Jennifer Hemmingsen recently penned two articles for the Cedar Rapids Gazette on education policy. One focused on what she called “merit pay” and a second focused more broadly on increased education spending. I welcome Hemmingsen (and others) entering the discussion on how we might improve education in Iowa. A central goal of the Governor’s recent Iowa Education Summit was to elevate improving education as a statewide policy issue. Based on the dramatic increase in media coverage and interactions occurring all across Iowa, I’d say the summit achieved this goal.

I applaud Hemmingsen for tackling these two contentious and complex policy issues. Having the courage to engage in meaningful and honest conversation is one of our first steps toward the improvement we need. However, in education we have an old maxim Hemmingsen should heed as she wades into these thorny discussions: “Do your homework.”

Educator compensation and school funding are complex issues that deserve more than a drive-by and myopic analysis. It would serve us all well to step up our game in how we discuss these important topics. As a state level public servant, I absolutely welcome an open critique of my positions and policy directions – but I don’t think it’s unreasonable to ask that critics at least take the time to genuinely understand the issues and policy positions.

We have to raise our debate beyond pitifully unsophisticated advocacy for status quo “step and lane” pay systems or simple “cash-for-test-scores” schemes that have a poor track record of success. I’ve written on this topic previously and have called for a more sophisticated discussion on educator compensation in practically every public appearance I’ve made. Clearly my message isn’t getting through to the media who continue to frame the debate in an overly-simplistic (and generally non-productive) manner around “merit pay.”

Being more strategic about how we compensate educators must be part of the discussion when we talk about any meaningful and lasting policy change. The simple reason: it’s where the money is. Of the over $4 billion dollars we spend on public education in Iowa, the vast majority of that goes into salary and benefits and most of this money is spent in ways that are either poorly aligned with, or outright counter to, the goals we’d like to see schools achieve.

One small example: Imagine if we were more strategic in how we used the estimated $75,000,000 Iowa spends annually on incentivizing educators to chase and obtain advanced degrees. These advanced degrees have a terrible empirical record of correlation with improved teaching, yet we dump more cash into them year after year and have done so for nearly a century. What an incredible waste.

We have near universal agreement that we need to be increasing teacher collaboration time, creating meaningful teacher leadership roles, creating extended day and year programs for students who need it, and paying more for hard to fill areas like math, science and special education. We should be thinking about how we get these approaches to be part of our base funding model. Instead we use one time money, create pilots that eventually dry up and go away, or fund them with stand-alone appropriations that become easy targets as soon as budgets get tight. We have to start thinking about how we can better use the money that’s already in the system in smarter ways.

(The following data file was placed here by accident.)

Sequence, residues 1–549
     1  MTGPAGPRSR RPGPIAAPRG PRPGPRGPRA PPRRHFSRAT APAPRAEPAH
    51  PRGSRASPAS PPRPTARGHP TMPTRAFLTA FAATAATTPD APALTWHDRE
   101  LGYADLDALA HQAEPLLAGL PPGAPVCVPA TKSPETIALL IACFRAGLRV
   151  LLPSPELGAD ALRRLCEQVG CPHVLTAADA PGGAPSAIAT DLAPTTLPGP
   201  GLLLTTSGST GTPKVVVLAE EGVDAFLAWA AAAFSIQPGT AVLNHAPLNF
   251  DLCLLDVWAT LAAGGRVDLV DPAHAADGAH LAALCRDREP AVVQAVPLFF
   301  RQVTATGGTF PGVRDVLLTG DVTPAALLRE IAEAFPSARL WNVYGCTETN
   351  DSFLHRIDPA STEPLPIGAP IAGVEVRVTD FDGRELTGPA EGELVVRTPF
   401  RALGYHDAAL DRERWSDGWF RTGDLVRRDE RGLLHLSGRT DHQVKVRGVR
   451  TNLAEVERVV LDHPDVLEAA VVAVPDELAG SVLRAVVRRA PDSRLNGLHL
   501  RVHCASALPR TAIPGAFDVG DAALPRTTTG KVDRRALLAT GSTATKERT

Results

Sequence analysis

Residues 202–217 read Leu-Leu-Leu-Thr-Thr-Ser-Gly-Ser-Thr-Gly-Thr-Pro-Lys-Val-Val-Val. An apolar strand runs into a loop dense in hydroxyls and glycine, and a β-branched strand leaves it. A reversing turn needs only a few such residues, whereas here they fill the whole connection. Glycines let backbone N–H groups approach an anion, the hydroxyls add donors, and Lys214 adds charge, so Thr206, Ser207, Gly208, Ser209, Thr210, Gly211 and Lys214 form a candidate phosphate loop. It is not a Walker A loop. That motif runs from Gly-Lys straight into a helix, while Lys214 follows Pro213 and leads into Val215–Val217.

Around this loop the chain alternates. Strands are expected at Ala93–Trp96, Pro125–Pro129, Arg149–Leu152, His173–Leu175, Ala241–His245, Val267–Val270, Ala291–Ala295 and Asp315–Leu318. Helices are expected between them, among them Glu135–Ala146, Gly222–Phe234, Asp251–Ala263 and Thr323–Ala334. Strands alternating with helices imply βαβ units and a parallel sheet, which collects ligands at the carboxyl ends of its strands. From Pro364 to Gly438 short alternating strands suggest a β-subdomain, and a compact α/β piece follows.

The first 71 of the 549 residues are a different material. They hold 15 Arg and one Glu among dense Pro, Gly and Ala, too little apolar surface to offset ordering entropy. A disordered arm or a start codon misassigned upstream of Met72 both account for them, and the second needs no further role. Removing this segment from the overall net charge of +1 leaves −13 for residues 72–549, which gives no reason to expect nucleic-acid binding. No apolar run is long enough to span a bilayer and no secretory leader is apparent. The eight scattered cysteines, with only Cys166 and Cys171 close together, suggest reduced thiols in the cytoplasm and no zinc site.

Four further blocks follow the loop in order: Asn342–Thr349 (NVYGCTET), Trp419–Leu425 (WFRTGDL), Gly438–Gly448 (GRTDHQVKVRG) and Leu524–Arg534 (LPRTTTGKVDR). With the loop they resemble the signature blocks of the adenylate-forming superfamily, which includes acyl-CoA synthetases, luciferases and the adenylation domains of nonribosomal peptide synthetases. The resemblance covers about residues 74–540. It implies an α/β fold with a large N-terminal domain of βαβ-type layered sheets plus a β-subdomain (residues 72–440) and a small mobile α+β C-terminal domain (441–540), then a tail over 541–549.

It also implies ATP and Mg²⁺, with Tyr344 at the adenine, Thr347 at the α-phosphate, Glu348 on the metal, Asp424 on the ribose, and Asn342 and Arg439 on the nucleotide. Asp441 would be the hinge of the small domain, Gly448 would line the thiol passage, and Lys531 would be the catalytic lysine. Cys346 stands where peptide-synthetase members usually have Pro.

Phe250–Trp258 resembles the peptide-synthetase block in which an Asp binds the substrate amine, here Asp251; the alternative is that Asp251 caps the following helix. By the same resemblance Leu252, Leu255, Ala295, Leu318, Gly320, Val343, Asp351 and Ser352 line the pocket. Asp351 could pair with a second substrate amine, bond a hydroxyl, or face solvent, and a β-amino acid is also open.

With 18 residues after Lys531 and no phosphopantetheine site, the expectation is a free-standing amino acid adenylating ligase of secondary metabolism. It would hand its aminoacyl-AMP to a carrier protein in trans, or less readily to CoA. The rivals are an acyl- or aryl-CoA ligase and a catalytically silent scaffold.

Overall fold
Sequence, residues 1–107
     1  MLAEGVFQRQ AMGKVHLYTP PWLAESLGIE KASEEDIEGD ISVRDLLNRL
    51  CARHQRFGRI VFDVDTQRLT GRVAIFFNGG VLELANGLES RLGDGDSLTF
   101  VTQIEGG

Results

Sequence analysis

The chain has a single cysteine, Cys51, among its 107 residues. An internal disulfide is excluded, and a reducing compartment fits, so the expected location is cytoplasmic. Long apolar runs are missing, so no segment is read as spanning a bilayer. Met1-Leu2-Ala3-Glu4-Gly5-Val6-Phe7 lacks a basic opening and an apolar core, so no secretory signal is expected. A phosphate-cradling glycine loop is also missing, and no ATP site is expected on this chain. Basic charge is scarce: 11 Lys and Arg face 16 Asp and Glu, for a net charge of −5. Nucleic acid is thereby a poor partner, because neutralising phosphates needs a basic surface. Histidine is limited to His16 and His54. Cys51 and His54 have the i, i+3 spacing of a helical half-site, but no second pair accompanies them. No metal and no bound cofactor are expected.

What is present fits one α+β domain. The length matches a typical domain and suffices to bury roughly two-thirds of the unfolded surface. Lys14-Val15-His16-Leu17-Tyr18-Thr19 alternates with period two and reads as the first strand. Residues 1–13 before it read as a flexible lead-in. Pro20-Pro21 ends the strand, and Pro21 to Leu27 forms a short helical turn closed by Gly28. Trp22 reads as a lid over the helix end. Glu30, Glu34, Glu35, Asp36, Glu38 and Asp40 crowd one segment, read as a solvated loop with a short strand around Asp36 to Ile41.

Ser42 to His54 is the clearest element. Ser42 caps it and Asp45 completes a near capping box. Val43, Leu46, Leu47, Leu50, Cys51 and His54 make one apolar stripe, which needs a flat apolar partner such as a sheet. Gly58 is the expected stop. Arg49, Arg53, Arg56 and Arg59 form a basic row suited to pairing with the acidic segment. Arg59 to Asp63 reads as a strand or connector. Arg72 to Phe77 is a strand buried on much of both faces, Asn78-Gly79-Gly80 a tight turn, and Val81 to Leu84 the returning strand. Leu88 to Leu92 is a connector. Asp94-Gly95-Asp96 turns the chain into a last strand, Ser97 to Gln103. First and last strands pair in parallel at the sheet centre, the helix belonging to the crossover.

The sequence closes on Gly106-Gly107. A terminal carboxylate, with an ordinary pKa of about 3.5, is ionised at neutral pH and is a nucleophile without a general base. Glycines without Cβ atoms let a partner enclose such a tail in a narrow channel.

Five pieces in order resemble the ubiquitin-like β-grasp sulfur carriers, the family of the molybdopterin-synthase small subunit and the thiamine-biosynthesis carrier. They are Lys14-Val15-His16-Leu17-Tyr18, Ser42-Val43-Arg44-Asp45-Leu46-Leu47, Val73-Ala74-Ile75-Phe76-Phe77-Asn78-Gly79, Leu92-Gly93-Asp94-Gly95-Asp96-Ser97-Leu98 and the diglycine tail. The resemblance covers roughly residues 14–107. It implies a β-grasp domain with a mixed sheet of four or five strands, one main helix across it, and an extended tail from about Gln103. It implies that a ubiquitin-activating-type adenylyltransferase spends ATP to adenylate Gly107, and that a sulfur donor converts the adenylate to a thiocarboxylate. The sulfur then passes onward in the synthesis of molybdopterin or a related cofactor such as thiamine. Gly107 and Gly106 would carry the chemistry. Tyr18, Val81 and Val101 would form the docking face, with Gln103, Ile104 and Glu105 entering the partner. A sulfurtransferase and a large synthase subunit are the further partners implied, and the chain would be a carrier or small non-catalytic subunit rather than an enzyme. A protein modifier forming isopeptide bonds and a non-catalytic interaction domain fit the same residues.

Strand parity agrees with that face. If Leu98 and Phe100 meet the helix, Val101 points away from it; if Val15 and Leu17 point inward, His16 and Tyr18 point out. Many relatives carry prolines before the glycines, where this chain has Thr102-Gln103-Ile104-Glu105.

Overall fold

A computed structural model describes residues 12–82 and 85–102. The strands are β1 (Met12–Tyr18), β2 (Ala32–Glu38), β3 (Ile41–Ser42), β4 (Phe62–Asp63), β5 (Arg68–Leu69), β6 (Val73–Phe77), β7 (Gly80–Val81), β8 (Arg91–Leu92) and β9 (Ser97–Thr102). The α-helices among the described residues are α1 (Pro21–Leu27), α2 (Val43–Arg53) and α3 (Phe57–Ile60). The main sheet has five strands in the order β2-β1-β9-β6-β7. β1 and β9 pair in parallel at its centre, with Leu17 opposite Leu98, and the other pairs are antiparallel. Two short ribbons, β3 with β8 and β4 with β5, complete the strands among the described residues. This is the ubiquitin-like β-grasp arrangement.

We need a “Dr. Phil” moment on this issue. We have a history of starting some of these innovative approaches in compensating educators in strategic ways but then fund them with one time money. When the cash dries up or funding gets tight, the innovation folds and becomes something “we tried once.” As Dr. Phil asks, “How’s that working for you?”

Framing the debate around “merit pay” (as a term that instantly inflames) and surfacing all the same old tired arguments gets us nowhere. We should be talking about the much more sophisticated (and useful) idea of “strategic compensation” which asks schools to align their resources with the goals they would like to accomplish. This is bigger than a “cash-for-test-scores” discussion.

Hemmingsen also makes the case that no real education reform will happen without an infusion of cash. But I’d argue that beating the drum of “give us more money and leave us alone” hasn’t produced results and is now falling on deaf ears. I’ll stand up and advocate for more cash for schools with anyone, but we must come with a better plan on how new money will move the system toward better results. Asking for more money to continue to do things that are ineffective is an irresponsible waste of finite public resources.

The fact is we have increased PreK-12 spending dramatically across this country over the past 30 years and have little to show for it in terms of increased student learning. We can make “the ask” for increased education spending, but let’s also come forward with a plan for how those resources will be used in smarter ways than they have been.

We just make the same problems we currently have in education more expensive with a “dump more cash on it” approach. So while “show me the money” may be fun to say, “show me the plan and I’ll show you the money” is a more pragmatic approach that might actually lead to improved schools. Building this plan is exactly the work we are engaged in as a state right now.

Again, I commend Hemmingsen taking on these important issues and appreciate her coverage of education. These are absolutely the things we should be talking about in the larger context of education reform. But repeating the same tired arguments about “merit pay” or yelling for more cash to do more of the same doesn’t move our discussion forward. Both discussions on compensation and on education spending are fast ways to get reactions from people – but we need to stop trying to inflame meaningless and worn-out debates and start trying to build pragmatic solutions.

Jason Glass
Des Moines, IA